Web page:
Cyprus got its first emergency-aid payment as euro-area finance ministers set to work avoiding a bailout in Slovenia.
Cyprus received 2 billion euros ($2.6 billion) today and will get as much as 1 billion euros more in June as the Mediterranean island’s 10 billion-euro aid package was activated, the European Stability Mechanism said in a statement.
The release came as finance ministers from the 17 euro countries wrangled over banking policy and economic remedies to the fallout from the financial crisis that emerged in Greece in 2009. They also intended to rubber-stamp a payment to Greece.
“We’ve shown over the past three years that the general direction to overcome the confidence in the euro is right,” German Finance Minister Wolfgang Schaeuble told reporters. “We still have slower growth in Europe, and we have to see to it that we reduce unemployment even with limited growth rates.”
Europe’s governments are in the midst of a policy rethink after three years of budget cutting as they face up to a deepening recession in the euro area and a record unemployment rate that exceeds 12 percent. Still in doubt for economists is what kind of stimulus will actually be delivered and what effect it could have in the crisis-torn currency bloc.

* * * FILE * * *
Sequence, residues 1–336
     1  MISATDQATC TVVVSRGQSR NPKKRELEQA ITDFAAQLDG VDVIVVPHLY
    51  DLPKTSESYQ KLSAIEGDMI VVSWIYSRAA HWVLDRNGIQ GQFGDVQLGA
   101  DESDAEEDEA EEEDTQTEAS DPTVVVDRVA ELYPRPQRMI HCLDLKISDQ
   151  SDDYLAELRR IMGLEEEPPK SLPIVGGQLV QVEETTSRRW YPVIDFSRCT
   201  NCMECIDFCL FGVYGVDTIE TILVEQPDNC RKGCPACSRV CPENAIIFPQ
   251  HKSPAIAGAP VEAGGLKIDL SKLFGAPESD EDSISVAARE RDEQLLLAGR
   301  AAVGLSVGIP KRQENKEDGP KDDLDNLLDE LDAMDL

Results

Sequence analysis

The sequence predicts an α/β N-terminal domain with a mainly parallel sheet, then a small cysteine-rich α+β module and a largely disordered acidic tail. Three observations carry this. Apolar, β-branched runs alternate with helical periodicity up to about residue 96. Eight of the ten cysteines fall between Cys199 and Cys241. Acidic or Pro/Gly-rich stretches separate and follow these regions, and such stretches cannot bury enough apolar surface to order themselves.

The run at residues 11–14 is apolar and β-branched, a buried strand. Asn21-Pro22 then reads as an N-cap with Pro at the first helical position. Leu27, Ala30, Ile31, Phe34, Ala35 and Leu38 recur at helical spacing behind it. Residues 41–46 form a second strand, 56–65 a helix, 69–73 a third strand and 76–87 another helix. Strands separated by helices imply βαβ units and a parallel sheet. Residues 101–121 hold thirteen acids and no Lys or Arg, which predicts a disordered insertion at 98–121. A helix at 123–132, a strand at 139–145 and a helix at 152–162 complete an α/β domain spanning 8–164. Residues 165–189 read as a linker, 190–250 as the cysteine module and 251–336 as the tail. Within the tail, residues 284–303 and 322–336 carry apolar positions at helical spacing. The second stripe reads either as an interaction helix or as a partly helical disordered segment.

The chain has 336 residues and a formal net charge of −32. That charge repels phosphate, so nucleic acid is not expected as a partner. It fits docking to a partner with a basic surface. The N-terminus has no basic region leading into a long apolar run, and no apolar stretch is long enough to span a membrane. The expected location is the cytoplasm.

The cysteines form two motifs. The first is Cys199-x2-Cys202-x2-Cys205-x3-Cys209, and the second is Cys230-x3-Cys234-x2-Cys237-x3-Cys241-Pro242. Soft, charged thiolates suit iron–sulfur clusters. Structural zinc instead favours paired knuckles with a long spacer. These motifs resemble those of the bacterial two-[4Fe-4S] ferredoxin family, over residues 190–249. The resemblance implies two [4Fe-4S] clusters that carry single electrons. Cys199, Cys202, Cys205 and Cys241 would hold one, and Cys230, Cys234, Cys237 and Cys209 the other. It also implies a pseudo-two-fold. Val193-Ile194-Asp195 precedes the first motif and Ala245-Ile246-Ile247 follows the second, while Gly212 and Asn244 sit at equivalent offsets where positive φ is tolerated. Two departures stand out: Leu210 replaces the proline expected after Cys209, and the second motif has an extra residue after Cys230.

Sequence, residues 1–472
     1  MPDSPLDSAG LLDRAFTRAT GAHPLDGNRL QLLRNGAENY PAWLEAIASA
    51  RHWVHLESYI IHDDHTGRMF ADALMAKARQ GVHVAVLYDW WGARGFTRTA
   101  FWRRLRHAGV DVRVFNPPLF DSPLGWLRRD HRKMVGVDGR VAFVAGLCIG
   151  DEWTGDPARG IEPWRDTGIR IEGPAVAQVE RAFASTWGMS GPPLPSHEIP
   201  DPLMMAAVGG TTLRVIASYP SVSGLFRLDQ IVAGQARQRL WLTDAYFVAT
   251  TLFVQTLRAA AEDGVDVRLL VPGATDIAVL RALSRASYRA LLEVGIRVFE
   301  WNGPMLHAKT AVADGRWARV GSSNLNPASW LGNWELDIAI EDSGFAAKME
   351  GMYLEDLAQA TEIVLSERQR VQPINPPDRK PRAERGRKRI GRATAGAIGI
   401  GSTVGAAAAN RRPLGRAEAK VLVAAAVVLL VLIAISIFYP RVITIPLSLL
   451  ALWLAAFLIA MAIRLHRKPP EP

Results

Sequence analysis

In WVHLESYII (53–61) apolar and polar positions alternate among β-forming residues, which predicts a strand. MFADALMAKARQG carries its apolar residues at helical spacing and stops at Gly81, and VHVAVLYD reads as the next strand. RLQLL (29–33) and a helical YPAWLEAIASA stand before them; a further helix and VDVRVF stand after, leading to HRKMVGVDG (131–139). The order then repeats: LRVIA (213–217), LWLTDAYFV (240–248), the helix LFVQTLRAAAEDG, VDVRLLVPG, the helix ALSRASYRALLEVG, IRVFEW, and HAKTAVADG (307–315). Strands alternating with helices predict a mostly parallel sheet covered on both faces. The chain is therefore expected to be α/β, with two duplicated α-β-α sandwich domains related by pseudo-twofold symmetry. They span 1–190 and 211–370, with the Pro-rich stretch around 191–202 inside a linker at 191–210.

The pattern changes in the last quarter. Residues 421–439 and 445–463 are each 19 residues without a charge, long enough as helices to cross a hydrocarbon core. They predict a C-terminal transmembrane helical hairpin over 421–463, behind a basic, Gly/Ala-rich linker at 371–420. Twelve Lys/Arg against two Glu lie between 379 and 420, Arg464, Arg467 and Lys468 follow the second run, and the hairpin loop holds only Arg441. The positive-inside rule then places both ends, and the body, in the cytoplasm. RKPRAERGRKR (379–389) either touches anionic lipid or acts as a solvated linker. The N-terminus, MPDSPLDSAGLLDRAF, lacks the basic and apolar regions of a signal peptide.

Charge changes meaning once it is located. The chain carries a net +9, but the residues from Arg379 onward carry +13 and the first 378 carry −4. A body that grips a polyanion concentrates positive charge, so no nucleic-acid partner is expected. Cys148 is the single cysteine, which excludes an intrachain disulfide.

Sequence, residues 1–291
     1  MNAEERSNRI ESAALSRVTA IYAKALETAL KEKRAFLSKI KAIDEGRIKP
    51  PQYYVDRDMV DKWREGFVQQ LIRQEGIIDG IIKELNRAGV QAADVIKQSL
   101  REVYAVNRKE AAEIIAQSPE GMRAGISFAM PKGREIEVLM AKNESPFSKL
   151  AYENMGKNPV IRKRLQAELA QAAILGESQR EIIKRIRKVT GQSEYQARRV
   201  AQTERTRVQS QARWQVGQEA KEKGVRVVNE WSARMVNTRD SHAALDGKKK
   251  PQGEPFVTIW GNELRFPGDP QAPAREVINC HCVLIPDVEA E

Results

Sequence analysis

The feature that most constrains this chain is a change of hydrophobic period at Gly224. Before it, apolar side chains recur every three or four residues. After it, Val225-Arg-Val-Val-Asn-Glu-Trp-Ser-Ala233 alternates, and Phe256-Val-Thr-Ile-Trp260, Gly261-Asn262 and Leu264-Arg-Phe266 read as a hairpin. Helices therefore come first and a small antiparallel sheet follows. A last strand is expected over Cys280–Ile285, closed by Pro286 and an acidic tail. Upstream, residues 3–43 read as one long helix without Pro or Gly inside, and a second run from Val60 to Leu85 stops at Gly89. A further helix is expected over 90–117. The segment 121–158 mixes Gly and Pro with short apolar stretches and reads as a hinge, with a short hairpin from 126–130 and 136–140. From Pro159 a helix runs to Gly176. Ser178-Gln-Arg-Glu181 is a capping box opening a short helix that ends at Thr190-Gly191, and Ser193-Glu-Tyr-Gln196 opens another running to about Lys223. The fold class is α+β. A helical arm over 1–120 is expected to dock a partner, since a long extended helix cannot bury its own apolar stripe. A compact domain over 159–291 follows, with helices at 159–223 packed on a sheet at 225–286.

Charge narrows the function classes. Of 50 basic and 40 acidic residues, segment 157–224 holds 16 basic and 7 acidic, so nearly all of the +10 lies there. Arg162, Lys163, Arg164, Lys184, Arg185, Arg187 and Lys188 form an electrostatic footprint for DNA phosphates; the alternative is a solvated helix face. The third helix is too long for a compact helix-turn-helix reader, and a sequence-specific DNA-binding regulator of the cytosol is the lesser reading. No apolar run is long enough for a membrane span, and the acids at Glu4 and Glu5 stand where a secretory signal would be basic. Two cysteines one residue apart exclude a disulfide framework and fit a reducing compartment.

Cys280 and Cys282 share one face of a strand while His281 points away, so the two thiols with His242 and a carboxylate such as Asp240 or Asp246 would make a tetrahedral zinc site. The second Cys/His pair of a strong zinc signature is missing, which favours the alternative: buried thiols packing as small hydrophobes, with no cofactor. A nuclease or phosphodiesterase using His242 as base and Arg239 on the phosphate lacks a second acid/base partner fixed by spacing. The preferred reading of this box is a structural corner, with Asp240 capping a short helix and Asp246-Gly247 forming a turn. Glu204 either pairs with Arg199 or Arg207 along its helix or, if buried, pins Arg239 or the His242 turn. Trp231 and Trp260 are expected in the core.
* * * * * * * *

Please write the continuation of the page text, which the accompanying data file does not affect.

In the coming hours, the policy makers will probably approve the release of 7.5 billion euros of payments to Greece, with 4.2 billion to be channeled this month and 3.3 billion euros in June, a European Union official said May 8.
“I definitely hope” for a decision, Dutch Finance Minister Jeroen Dijsselbloem, who chairs the meetings, told reporters today.
Slovenia, which is fighting to avoid becoming the sixth bailout recipient, will seek to persuade euro-area policy makers that its package of tax increases and asset sales will put it on the path of fiscal wellbeing.
The measures “go in the right direction,” said Luxembourg’s Luc Frieden. “They now have to be implemented and then one has to see what they lead to.”
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